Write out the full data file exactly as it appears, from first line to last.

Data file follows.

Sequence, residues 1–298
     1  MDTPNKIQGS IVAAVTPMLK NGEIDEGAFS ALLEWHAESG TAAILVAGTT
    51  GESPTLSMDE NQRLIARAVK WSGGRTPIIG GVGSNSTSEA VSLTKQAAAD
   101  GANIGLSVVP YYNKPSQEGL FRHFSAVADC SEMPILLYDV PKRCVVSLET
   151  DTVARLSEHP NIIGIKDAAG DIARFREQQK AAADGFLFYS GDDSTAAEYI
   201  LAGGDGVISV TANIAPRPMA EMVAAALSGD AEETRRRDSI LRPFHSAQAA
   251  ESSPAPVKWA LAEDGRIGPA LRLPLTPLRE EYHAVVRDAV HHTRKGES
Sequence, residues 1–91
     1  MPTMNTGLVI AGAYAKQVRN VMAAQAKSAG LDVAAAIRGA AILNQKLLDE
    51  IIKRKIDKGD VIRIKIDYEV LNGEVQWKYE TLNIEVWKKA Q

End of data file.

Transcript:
Sequence, residues 1–298
     1  MDTPNKIQGS IVAAVTPMLK NGEIDEGAFS ALLEWHAESG TAAILVAGTT
    51  GESPTLSMDE NQRLIARAVK WSGGRTPIIG GVGSNSTSEA VSLTKQAAAD
   101  GANIGLSVVP YYNKPSQEGL FRHFSAVADC SEMPILLYDV PKRCVVSLET
   151  DTVARLSEHP NIIGIKDAAG DIARFREQQK AAADGFLFYS GDDSTAAEYI
   201  LAGGDGVISV TANIAPRPMA EMVAAALSGD AEETRRRDSI LRPFHSAQAA
   251  ESSPAPVKWA LAEDGRIGPA LRLPLTPLRE EYHAVVRDAV HHTRKGES
Sequence, residues 1–91
     1  MPTMNTGLVI AGAYAKQVRN VMAAQAKSAG LDVAAAIRGA AILNQKLLDE
    51  IIKRKIDKGD VIRIKIDYEV LNGEVQWKYE TLNIEVWKKA Q